Picks and Pans Review: Antarctica
Forbidding yet fascinating, like the continent it describes, Antarctica is a compelling achievement. Robinson, a science-fiction writer best known for his acclaimed Mars trilogy, has done his homework. Unleashing a blizzard of information about our planet's last great wilderness, he blurs the line between fact and fiction, but no matter, since the subject itself is so absorbing.
Set in the unspecified near future, Robinson's sprawling tale has villains (greedy corporations and unscrupulous politicians, of course, intent upon tapping the continent's natural resources regardless of the environmental consequences) and heroes (radical environmentalists who want to preserve the eerie beauty of this vast ice mass). A harrowing subplot echoes Jon Krakauer's Into Thin Air; led by a plucky guide, a group of paying customers sets out on an ill-advised expedition to follow the footsteps of Roald Amundsen to the South Pole. Happily, the book also includes flashes of humor, offbeat characters and arcane facts about Antarctica. In the end the real hero of this novel is its spectacular setting. (Bantam, $24.95)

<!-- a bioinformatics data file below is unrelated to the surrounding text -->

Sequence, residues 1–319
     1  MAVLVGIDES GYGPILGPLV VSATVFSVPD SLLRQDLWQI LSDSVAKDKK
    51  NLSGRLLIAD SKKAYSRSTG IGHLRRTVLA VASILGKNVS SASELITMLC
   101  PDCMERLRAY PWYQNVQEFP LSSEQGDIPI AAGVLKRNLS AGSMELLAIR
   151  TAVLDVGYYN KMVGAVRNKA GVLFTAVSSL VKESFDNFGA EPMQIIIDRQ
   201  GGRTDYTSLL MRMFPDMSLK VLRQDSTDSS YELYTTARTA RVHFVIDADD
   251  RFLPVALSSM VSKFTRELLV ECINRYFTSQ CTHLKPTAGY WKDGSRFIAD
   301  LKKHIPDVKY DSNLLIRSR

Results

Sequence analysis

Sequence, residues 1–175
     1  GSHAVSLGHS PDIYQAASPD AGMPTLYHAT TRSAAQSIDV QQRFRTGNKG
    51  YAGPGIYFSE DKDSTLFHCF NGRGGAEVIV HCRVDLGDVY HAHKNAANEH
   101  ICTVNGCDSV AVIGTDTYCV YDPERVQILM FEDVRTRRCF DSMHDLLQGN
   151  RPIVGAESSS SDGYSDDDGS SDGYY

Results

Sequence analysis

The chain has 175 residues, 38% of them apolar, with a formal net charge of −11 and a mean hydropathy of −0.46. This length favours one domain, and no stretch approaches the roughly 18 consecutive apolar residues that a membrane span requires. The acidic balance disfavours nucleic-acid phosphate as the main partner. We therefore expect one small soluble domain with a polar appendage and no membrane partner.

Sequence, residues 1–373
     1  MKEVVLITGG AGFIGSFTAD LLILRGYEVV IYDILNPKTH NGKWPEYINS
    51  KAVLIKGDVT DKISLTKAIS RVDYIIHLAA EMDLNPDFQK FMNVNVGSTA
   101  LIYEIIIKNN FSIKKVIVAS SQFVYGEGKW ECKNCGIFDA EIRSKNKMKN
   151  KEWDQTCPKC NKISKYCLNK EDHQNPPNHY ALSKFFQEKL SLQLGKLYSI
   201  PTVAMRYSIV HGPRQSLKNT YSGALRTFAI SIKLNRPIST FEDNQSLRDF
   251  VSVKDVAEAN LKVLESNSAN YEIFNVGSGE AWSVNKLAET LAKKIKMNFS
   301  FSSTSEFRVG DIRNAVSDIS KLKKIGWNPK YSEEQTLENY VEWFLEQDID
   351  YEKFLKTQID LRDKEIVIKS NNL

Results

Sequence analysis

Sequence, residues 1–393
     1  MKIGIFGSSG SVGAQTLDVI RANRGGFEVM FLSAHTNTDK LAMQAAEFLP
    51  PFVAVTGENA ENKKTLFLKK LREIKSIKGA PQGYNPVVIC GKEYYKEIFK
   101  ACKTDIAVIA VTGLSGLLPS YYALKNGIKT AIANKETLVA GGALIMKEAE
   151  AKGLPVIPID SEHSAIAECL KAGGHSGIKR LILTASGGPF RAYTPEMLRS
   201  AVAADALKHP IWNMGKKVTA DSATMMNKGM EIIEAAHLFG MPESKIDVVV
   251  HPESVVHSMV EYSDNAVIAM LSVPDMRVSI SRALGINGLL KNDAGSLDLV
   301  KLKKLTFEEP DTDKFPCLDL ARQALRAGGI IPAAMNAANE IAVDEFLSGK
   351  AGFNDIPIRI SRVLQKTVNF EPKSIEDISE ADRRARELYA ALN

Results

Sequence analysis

Bottom Line: A cool read for a hot summer's day